Patients with combined RVOTO and PR had statistically significant smaller RV end-systolic and end-diastolic volumes and higher RV mass than patients with isolated PR, p <.050. The higher RV ejection fraction in patients with combined RVOTO and PR compared to patients with isolated PR was not statistically significant, p = .051.

Number of patients with PR regurgitation fraction > 20%, severity of PR, LV end-systolic, end-diastolic and stroke volume, and LV ejection fraction were not different between both groups (Table 2).

Table 2. Results of cardiac magnetic resonance imaging All ToF ventricular end-diastolic volume, LVEF = left ventricular ejection fraction, LVESV = left ventricular end-systolic volume, LVM = left ventricular mass, LVSV = left ventricular stroke volume, PR = pulmonary regurgitation, RVEDV = right ventricular end-diastolic volume, RVEF

= right ventricular ejection fraction, RVESV = right ventricular end-systolic volume, RVM = right ventricular mass, RVSV = right ventricular stroke volume, RVOTO = right ventricular outflow tract obstruction, ToF = tetralogy of Fallot

Exercise capacity

Mean time between CMR and exercise testing was 1.9 ± 7.6 weeks. Patients with combined RVOTO and PR had a significant lower percentage of predicted peak VO2

than patients with isolated PR, p < .001. Exercise capacity was impaired, defined as peak VO2 < 85% of the predicted value, in all patients with combined RVOTO and

PR, and in 20 (67%) patients with isolated PR, p = .040. Heart rate at rest was not significantly different between both groups. The lower maximum heart rate and lower percentage of predicted maximum heart rate in patients with combined RVOTO and PR compared to patients with isolated PR was not statistically significant, (Table 3).

Table 3. Results of cardiopulmonary exercise testing All ToF right ventricular outflow tract obstruction, ToF = tetralogy of Fallot, VO2 = oxygen uptake

Univariate analysis showed a statistically significant relation between percentage of predicted peak VO2 and peak pressure gradient across the RVOT (Figure 1) and RV end-diastolic volume. In multivariate analysis peak pressure gradient across the RVOT was the only independent predictor of exercise capacity (Table 4).

Table 4. Univariate and multivariate predictors of percentage of predicted peak oxygen uptake Univariate RC ± SE P Multivariate RC ± SE P

Figure 1. Correlation of percentage of predicted peak oxygen uptake and gradient across the right ventricular outflow tract. RVOT = right ventricular outflow tract, VO2 = oxygen uptake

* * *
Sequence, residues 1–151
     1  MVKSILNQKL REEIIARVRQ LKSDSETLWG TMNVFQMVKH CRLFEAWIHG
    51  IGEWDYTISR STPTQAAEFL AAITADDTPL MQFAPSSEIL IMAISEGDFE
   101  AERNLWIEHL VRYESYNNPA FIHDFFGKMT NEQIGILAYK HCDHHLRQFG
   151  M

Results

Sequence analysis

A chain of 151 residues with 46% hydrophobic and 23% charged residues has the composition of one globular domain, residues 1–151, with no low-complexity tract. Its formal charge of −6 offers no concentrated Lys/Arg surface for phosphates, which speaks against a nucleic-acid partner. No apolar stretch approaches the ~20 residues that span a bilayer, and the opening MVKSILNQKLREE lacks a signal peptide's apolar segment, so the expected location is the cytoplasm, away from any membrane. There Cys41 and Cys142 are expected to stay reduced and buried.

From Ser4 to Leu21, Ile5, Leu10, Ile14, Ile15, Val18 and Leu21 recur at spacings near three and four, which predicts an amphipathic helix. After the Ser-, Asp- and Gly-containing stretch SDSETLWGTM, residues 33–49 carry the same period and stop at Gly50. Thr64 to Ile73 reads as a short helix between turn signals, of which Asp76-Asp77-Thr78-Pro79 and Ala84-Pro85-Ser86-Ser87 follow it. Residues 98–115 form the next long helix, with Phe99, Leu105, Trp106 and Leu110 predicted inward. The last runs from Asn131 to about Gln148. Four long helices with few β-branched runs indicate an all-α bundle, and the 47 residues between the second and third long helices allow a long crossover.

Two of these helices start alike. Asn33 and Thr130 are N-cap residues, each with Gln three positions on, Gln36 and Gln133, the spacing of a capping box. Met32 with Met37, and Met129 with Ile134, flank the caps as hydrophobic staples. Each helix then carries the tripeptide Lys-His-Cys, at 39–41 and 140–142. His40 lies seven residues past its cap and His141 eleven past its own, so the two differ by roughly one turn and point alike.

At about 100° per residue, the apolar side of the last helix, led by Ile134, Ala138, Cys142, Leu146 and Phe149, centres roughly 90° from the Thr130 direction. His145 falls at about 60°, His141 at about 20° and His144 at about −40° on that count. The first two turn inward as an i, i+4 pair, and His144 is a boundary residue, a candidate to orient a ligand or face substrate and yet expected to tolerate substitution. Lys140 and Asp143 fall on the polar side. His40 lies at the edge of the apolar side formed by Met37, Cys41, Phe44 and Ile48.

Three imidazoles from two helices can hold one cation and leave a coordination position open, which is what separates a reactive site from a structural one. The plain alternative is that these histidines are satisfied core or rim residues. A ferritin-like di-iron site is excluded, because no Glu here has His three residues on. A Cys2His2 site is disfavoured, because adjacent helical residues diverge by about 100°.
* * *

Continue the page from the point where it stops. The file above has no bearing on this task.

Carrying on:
Discussion

Our study is the first to demonstrate in patients with repaired ToF that combined RVOTO and PR is associated with reduced exercise capacity despite more favourable RV volumes at rest. Furthermore, peak pressure gradient across the RVOT was the only independent predictor of percentage of predicted peak VO2. Experimental studies in growing swine have demonstrated that combined RVOTO and PR resulted in more RV hypertrophy, and less dilatation of the RV compared to isolated PR [4,5]. Our and other studies in patients with repaired ToF confirmed that patients with combined RVOTO and PR had smaller RV volumes compared to patients with isolated PR, despite comparable degree of PR [6,7,14].

Some studies proposed that decreased diastolic compliance resulting from RVOTO-induced hypertrophy prevents severe RV dilatation due to limiting PR [7,14].

However, we and others found no difference in PR between patients with and without RVOTO [6,7]. The RV hypertrophy and decreased compliance might have protective properties against RV dilatation, however, the exact mechanism of protection against RV dilatation remains unknown. Although smaller RV volumes and higher ejection fraction have been considered markers for better RV performance in patients with repaired ToF, our results suggest that adaptations of the RV in response to RVOTO do not result in increase cardiac output during exercise.

During exercise, cardiac output increases to deliver the required oxygen and nutrients to the muscles. Increase in cardiac output is mainly a result of changes in preload, afterload, contractility and heart rate [15]. A healthy untrained person can increase cardiac output a little over fourfold, and a well-trained athlete can increase output about sixfold [15]. However, increase in cardiac output during exercise is decreased in patients with repaired ToF [16]. As the left ventricle and RV are in series, cardiac output of the left ventricle is most likely limited because of reduced RV output. Under normal circumstances the RV is an energetic efficient pump because of the low pressure in the pulmonary circulation [17,18]. In patients with repaired ToF and PR energetic inefficiency exists due to enlarged stroke volume which for a large part flows back into the RV. Additionally, often intra- and interventricular dyssynchrony cause suboptimal coordination of RV contraction [19]. RV dilatation results in a changed geometry of both ventricles with reduced diastolic LV volume due to septal displacement and paradoxical systolic septal movement, which further reduces cardiac output [17,18].

Furthermore, when a patient has additional RVOTO, more kinetic energy is required to overcome the obstruction. This induces RV hypertrophy and increases

Chapter 6Effect of RVOTO on RV volumes and exercise capacity